“Count it all joy, my brothers [and sisters], when you meet trials of various kinds, for you know that the testing of your faith produces steadfastness. And let steadfastness have its full effect, that you may be perfect and complete, lacking in nothing.” James 1:2-4
Recently I was on the phone with a woman whom I deeply love and respect. It was her birthday, and while we were catching up, we were discussing how the Lord was at work in our lives. In the midst of conversation, she recounted how her life verse (the one mentioned above) had continued to move and impact her as she got older, and how the trials she had encountered had shaped her and her walk with Christ throughout the years. It was something that she could see particularly clearly on her birthday this year. As she recited the verse from memory, each part gripped me. I had been praying for weeks for the Lord to show me how in the midst of trial He could bring deep joy, an embrace of truly lacking nothing, despite some very obvious physical “lackings”. The effects of my past few years of chronic illness, and the awareness of what I have very visibly lost plagued me– energy, focus, memory, abilities, organ function, foods, endurance, maintenance of relationships… all to name a few. “What is steadfastness? What is endurance? What does it mean to be perfect & complete, lacking nothing?” all surfaced in my heart.
She recounted parts of her story, remembering the “trials of many kinds”– some that would be devastating and paralyzing for anyone to bear. As I heard her describe the patience, kindness, grace, and presence of God that came with those sufferings–the Lord spoke to me. The unseen collided with what was seen. Her godly endurance was not born overnight or manufactured by the flesh. Her steadfastness was something she couldn’t see being formed at the time- like a rock in a cliff being carved by the elements for years upon years.
If this verse hits you in the midst of a trial, you will experience a collision between the kingdom of God and the kingdom of man. The kingdom of man (or life in the flesh) proclaims that you don’t deserve trials, that God doesn’t care, or God isn’t there. In moments of weakness, you are tempted to doubt God’s love and His presence. The Kingdom of God (life in the Spirit) made manifest through Jesus Christ proves these things are simply not true.
In the Old Testament, the Temple represented the intersection of heaven and earth. Jesus is the manifestation of the reality to which the temple was pointing. As the Kingdom of God overlaps more and more with the kingdom of man, the characteristics of God’s kingdom citizens become evident. In the midst of seen trials, the testing of the unseen reality of faith produces steadfastness that can only come from the empowering of the Holy Spirit. As that steadfastness has its effect, you become a more perfect and complete citizen of the Kingdom of God even in the midst of the kingdom of man.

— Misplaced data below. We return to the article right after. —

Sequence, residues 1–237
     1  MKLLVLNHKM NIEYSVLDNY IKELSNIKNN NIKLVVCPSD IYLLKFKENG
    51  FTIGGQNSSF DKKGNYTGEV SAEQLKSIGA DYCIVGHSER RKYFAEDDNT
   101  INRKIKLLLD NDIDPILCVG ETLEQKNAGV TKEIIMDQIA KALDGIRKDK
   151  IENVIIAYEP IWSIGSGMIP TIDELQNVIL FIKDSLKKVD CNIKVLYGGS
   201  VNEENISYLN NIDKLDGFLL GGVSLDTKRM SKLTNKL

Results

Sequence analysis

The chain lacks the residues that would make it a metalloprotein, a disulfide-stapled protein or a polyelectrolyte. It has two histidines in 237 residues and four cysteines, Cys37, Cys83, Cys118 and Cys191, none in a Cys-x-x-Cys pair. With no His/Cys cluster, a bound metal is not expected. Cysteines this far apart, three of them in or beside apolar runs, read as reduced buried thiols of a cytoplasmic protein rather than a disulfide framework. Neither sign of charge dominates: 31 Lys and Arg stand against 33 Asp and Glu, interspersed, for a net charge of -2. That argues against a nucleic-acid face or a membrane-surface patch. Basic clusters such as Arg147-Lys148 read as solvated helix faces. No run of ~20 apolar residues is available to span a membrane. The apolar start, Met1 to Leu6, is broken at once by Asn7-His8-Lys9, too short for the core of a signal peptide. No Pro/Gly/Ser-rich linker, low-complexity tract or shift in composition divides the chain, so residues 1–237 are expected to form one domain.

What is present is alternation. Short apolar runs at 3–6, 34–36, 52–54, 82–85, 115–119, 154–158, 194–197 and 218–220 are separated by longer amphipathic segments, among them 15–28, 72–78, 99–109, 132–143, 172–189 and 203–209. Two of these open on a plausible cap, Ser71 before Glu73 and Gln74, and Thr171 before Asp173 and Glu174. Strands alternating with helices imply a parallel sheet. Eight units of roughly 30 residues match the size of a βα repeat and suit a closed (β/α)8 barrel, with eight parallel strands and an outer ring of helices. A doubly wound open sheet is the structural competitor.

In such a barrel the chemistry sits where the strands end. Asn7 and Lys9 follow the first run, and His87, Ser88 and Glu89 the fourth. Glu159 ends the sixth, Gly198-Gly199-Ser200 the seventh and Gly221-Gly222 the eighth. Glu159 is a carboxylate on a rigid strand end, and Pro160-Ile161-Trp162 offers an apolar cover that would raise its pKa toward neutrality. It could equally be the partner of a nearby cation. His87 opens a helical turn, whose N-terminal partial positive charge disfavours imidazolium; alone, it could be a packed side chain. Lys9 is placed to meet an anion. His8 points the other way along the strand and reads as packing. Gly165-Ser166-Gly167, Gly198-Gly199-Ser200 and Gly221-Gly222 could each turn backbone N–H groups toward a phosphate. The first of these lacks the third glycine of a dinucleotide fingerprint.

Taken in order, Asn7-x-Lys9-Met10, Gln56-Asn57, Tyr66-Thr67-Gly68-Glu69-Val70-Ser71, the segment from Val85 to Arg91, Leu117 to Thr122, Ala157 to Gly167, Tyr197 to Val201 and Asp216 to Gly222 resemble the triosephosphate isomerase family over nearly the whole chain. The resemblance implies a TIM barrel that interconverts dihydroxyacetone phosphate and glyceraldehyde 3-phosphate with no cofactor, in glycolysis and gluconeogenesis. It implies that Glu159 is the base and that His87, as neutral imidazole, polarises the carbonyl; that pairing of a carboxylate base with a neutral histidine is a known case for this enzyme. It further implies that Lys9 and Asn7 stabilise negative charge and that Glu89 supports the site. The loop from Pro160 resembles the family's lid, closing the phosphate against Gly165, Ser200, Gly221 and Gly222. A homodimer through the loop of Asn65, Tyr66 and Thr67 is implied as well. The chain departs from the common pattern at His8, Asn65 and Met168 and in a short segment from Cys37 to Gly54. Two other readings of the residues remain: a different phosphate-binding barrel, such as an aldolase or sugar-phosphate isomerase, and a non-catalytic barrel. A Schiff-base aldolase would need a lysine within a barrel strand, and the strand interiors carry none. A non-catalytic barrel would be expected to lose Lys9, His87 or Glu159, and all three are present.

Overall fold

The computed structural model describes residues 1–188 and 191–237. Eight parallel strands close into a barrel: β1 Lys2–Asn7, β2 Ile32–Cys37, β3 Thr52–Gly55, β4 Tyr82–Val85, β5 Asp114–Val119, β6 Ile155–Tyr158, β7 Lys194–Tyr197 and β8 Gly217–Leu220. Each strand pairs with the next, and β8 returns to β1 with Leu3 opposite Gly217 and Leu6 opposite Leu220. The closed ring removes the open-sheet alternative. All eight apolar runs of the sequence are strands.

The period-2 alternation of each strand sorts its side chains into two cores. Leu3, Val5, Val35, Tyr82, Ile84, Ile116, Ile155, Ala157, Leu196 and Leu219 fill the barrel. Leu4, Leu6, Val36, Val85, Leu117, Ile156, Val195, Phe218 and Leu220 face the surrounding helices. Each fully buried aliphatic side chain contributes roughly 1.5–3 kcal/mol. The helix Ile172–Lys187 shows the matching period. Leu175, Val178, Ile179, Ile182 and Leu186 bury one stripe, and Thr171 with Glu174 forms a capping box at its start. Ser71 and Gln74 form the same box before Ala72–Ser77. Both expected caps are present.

Countless times in my friendship with this woman, I remember her God-developed steadfastness was pronounced before me- visibly seen- as she served, spoke wisdom, and prayed for me. This was a product of becoming more like Jesus and living as a citizen of His Kingdom. It had been produced through years of trials, but consistently has been reflected to me as long as I have known her. My joy was increased as we reveled together in what God had done all these years. It gave me hope in my uncertainty. My wavering. My wanting.
Often I am reminded of a quote by JD Greear, “If dependence is the goal, then weakness is the advantage.” The Kingdom of God is not like the kingdom of man. In our pursuit of becoming more like Jesus, not even trials or tragedy can keep us from Him—they can make us more like Him. The world would say we are “losing” through our suffering, and it should be avoided at all costs, but the life of Jesus says quite the opposite. His sufferings produced the greatest victory of all time.
We have been given everything we need, with no lack. We are told we have received “every spiritual blessing through Christ” (Ephesians 1:3). Lord, let the Kingdom of God manifest itself among us as we endure until the end. Let us set our eyes on what we cannot see, in pursuit of the steadfastness that can only come from the King. We can “count it all joy as we face trials of various kinds…” for we are told that, “He who began a good work in you will bring it to completion at the day of Jesus Christ.” (Philippians 1:6)